Thanks to these features, RBC could be an efficient alternative to exact optimization when it is not possible (or too computationally intensive) to predict the evolution of the network through closed differential equations or an accurate hydraulic simulator.
RBC aims at identifying and acting on a solution leading to “good configuration” and “bad configuration”. The definition of a “good solution” depends, of course, on the requirements and on the boundary conditions of the network; it is, however, possible to define the current performance of the network based on historical statistics. Consider a set S H of historical data:
S H = { ( x i , y i ) }
where y i is the observed cost (e.g., the energy consumption per quantity of pumped water) for the considered configuration. We will refer to a solution of the problem as a set of settings of the network constituting the parameter vector x i . In particular, the solution x i is “good” with respect to historical data S H if y i Q y ( S H , q ) , where Q y ( S H , q ) is the q-th percentile (where 0 q 1 ) of observed cost y i in historical data S H (the q-th percentile is the minimum observed value in data that is greater or equal to a fraction q of all the observed values). Otherwise, the solution is “bad”. For example, by setting q = 0.5 , a solution is considered good if its indicator is less than or equal to the median of the cost of past solutions, and is bad otherwise.
The goal of RBC is to produce solutions with a performance indicator smaller than Q y ( S H , q ) . These solutions will constitute new historical data for future runs, and future runs will aim to further decrease the performance indicator. The value of Q y ( S H , q ) is then expected to decrease progressively; in other words, when iterated several times, RBC should therefore lead to better and better solutions over time until reaching a value Q ^ y ( S H , q ) , which cannot be further improved. Ideally, if y i does not depend on external parameters and supposing that it is always possible to act on controllable variables, the optimization effect of RBC will decay over time as the steps toward an optimal solution become smaller and smaller. In a real-life situation, it may not be feasible to bring the output under the percentile acting on controllable variables.
Supposing that no other constraints are set for the WDN, the measure y computed on historical data, properly discretized, can be used as the output of a classification problem to make a prediction about the performance and its correlation with the network configuration.
However, the problem usually includes some operational constraints that define the quality of the system (i.e., pressure at nodes); therefore, a definition based only on energy efficiency is not suitable.
More specifically, in a typical WDN optimization problem, these indicators can be considered:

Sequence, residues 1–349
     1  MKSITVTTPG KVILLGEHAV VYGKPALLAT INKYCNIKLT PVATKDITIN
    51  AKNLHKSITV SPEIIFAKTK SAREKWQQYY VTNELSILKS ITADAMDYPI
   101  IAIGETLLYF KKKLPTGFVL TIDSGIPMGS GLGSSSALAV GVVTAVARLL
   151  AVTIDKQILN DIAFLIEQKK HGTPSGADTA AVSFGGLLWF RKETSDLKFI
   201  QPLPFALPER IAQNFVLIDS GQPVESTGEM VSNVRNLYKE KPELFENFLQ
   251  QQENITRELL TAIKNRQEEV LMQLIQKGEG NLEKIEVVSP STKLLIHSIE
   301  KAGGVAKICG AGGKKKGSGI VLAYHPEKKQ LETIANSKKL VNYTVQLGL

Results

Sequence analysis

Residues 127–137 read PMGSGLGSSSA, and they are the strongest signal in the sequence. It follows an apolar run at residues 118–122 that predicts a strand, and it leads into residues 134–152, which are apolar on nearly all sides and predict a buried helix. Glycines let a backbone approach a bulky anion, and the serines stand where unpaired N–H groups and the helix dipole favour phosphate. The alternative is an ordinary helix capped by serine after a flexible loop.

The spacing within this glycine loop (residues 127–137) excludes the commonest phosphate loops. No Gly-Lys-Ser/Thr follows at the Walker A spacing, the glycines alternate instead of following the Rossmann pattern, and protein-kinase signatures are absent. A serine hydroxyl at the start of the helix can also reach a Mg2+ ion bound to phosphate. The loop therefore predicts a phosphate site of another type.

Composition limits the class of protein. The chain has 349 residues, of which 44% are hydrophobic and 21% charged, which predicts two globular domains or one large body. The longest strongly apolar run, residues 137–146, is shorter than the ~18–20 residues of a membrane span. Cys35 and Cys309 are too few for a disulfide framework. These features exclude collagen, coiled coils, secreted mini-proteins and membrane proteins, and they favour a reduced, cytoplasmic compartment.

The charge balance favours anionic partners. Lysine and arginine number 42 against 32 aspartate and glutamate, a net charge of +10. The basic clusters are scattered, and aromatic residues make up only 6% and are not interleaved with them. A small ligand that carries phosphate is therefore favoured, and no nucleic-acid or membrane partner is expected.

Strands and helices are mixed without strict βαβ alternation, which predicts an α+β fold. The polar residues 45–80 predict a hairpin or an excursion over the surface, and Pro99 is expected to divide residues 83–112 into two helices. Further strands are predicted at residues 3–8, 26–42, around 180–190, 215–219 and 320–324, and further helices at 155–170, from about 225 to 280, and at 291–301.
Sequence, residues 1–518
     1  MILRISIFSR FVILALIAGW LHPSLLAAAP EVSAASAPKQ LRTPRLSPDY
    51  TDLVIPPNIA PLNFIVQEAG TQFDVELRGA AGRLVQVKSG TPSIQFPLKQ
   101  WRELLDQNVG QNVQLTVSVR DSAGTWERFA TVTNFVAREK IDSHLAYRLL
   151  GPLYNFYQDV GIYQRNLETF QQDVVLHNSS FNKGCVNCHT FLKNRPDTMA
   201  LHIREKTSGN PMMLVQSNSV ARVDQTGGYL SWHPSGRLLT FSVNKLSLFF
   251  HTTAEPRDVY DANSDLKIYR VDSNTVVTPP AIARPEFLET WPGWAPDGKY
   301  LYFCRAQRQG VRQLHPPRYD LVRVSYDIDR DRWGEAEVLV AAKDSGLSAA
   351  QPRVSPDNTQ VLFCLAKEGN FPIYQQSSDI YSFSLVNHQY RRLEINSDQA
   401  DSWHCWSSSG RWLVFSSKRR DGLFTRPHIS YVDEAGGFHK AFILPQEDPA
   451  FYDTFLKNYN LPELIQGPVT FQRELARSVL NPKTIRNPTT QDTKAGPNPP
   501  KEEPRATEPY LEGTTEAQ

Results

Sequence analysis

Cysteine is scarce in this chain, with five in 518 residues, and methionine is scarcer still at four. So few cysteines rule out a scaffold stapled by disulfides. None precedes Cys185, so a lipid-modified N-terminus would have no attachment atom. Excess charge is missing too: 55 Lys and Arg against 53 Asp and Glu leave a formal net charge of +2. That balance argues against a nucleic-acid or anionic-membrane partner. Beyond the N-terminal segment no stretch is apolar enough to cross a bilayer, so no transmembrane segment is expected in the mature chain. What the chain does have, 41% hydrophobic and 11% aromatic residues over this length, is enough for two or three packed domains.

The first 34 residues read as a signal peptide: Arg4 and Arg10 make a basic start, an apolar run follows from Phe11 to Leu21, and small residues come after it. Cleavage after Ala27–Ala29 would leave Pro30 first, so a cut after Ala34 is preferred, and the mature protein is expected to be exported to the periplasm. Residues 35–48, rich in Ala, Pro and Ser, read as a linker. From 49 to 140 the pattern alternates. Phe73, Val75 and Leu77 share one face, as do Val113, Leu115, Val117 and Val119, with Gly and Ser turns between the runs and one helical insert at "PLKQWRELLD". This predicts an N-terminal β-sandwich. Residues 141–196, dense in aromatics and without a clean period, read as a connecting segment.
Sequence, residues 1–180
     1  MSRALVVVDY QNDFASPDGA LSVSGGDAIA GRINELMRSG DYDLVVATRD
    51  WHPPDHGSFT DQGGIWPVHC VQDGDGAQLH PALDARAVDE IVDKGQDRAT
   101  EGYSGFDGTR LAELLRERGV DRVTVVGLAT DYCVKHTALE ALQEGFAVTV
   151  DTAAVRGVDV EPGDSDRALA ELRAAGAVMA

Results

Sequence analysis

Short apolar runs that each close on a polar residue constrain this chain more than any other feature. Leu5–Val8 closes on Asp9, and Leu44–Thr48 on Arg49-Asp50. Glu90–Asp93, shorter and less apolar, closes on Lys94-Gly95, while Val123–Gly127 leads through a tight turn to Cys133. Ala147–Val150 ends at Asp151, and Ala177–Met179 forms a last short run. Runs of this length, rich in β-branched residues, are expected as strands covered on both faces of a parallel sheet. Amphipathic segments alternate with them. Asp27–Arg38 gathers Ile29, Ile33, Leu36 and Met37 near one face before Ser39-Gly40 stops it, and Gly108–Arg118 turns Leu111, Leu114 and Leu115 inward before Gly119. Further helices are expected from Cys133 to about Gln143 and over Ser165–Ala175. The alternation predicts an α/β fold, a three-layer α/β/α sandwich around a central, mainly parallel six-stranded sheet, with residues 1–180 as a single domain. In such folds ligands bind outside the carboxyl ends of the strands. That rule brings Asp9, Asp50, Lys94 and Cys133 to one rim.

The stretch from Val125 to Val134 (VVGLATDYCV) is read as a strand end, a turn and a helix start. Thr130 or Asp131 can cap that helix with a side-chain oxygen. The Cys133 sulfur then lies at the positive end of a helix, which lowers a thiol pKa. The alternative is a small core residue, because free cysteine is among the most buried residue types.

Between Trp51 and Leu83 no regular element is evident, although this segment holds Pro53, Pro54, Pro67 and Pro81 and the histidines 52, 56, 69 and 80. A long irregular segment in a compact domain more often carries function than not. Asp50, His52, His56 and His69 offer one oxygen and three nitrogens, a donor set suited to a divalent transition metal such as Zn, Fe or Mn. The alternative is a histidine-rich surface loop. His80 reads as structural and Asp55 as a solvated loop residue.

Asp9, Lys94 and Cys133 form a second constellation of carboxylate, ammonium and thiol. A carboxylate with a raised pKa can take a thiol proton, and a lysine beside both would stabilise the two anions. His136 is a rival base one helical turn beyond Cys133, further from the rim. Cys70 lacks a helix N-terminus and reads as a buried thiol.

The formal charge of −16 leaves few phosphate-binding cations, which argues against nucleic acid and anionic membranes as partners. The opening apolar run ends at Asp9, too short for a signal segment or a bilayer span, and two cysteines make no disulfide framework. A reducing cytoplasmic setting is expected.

• The efficiency indicator  y eff that corresponds to the cost in the unconstrained case, i.e., it is related to the energy consumption.
  • The quality indicator  y qlt that represents the observed value of a penalty function accounting for the fulfillment of constraints.
Since the quality indicator is the primary objective for reaching a good solution, the criterion for evaluating if a solution is efficient considers y qlt as the primary objective and y eff as the secondary objective.
y i qlt Q y qlt ( S H , q )
y i eff Q y eff ( S H * , q )
where S H * is the subset of the S H satisfying condition (1). In the first place, a solution must have a good quality indicator, and the best solutions will also be characterized by a good efficiency indicator.
A single discrete indicator can therefore be defined with three possible classes:
  • Bad quality of the service ( Bad QoS ) is the worst class and indicates that the constraints are poorly respected y i st = Bad QoS if y i qlt > Q y qlt ( S H , q ) ;
  • Bad energy efficiency ( Bad Eff ) is an intermediate class corresponding to fulfilled constraints but a high cost function y i st = Bad Eff if y i qlt Q y qlt ( S H , q ) and y i eff > Q y eff ( S H * , q ) ;
  • Good energy efficiency ( Good Eff ) is the best class in which constraints are respected and the efficiency indicator is low y i st = Good Eff if y i qlt Q y qlt ( S H , q ) and y i eff Q y eff .
The dataset produced by this output definition phase is made of N examples S = { ( x i , y i st ) } i = 1 N and can be used as a training set for the learning phase of a rule-based classification model. In this context, the use of the XAI method is crucial because it allows us to not only make predictions, but also to have a clear insight about the cause–effect relationships.
This learning phase consists of using historical data to generate the model that describes the relationship between inputs (parameters of the WDN) and the output (performance of the WDN).
For the rule extraction step, the use of the logic learning machine (LLM) method is suggested. Notice that it is possible to perform the rule generation phase periodically (e.g., every day) so that changes in the behavior of the system are included in the created models.